It is not everyday oil prices climb the roof and for this reason, this writer is of the belief (just like during the oil boom of the 70s) that we had lost our chance during the Obsanjo era of developing the nation and taking our economy to the greatest heights. It is quite an irony that even countries like America, France and the likes owe billions and trillions of dollars, yet do not force themselves to pay their debts at the detriment of their economy and sustainability of their people.

If paying the debts was to free our economy, how free is it today? How has the economy impacted upon the people since Mrs Iweala became the finance minister in 2003, 2009 and now under a very unfocused and myopic leadership? Perhaps, as a result of the fact that things were not going on well for the country, socially and in economic terms, Obasanjo deemed it fit to remove her from her duty post which had been under her ‘expert mis-management’.

Even as the Jonathan presidency did not see most of the havoc her policies had brought upon the Nigerian economy (as the excess crude account she initiated is almost non-existent), she was given another chance at the finance ministry and made the Coordinating Minister for the Economy. Not many were disposed to her second coming as this writer amongst many others were proved right when yet another World Bank policy  termed in many circles as ‘subsidy removal’ reared its ugly head.

For the single fact that the policy was supposed to bring about a full deregulation in the oil sector and help in reducing the hardship faced by Nigerians (even when we know this as a blatant lie), what we see today is a far cry. The policy has remained unpopular amongst the vast majority of the people, while the mindless corruption in the oil sector continues with the so called cabal yet smiling to the bank.

It is only a mindless government whose citizenry are faced with terrorist challenges, wanton poverty, unemployment and diseases that enact unpopular policies from a Western backed institution. Despite all the speeches and promises made by those in support of subsidy removal, nothing in the last couple of months shows change is here to stay. Nigerians are more miserable, while those in power live in affluence.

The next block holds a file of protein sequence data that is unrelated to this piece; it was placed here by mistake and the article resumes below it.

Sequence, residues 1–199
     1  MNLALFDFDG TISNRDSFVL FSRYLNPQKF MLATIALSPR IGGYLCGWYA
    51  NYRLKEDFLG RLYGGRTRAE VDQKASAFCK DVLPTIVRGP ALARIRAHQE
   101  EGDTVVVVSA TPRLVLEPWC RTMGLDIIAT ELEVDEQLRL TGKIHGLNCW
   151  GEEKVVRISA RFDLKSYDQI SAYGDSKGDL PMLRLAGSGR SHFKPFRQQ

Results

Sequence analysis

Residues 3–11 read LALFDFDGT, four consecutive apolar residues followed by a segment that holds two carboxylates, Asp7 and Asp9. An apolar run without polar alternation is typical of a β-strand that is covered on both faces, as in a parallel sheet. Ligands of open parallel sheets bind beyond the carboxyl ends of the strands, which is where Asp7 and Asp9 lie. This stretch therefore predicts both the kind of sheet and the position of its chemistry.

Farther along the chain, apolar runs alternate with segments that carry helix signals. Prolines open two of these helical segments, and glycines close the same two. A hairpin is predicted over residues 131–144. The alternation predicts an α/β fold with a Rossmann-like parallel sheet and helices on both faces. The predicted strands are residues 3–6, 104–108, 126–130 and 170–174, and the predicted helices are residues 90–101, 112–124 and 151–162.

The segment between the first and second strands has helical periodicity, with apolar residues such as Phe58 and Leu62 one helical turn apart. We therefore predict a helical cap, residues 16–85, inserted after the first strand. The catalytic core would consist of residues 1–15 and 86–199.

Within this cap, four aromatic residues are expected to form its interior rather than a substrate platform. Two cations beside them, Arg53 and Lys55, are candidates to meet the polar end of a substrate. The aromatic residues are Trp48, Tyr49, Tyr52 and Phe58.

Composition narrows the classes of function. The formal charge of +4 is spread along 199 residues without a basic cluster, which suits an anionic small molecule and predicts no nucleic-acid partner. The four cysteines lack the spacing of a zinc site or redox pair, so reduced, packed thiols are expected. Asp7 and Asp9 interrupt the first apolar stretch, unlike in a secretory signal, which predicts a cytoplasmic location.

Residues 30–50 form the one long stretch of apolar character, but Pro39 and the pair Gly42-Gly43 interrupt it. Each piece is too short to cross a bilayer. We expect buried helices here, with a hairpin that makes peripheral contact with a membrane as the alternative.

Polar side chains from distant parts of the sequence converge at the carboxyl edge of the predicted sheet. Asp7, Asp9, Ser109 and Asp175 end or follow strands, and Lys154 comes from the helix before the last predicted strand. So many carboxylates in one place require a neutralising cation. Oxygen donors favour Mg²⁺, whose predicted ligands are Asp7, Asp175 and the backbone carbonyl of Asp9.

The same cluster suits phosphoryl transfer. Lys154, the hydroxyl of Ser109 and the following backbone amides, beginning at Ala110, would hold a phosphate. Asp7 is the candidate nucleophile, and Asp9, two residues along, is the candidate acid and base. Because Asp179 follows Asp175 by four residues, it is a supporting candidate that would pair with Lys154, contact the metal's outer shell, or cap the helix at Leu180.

Mrs Iweala has done her part and because she is a Nigerian, we wish her well. However, it is high time she resigns her job in the Jonathan presidency because nothing has changed economically even when reports outside says it is, without looking inward at the level of poverty in the country. Mrs Iweala, if handed the World Bank job should be made to play nothing more than a minor role in our economy. Those in Aso-Rock should begin a process of looking for someone whose orientations is not of the Bretton Woods institutions, because many of them have failed not only us but our economy. If president Jonathan wishes to replicate the Asian Tigers’ success in Nigeria within two years (even as it took the Tigers more than four decades to achieve such feat), he must learn to put in place individuals who can turn around our economy, implementing policies fit enough for the Nigerian space.

Mrs Iweala must go along with her World Bank policies, so that the rest of us who continue to be the hewers of wood and drawers of water as a result of years of failed economic policies would one day live in a nation where we would not be judged by the poverty inherent within us, but by the content of how well we can survive in a robust and booming economy. It is not hard to achieve if we do the right things.


RAHEEM OLUWAFUNMINIYI is a social commentator and political analyst. He resides in Ibadan and can be reached via [email protected]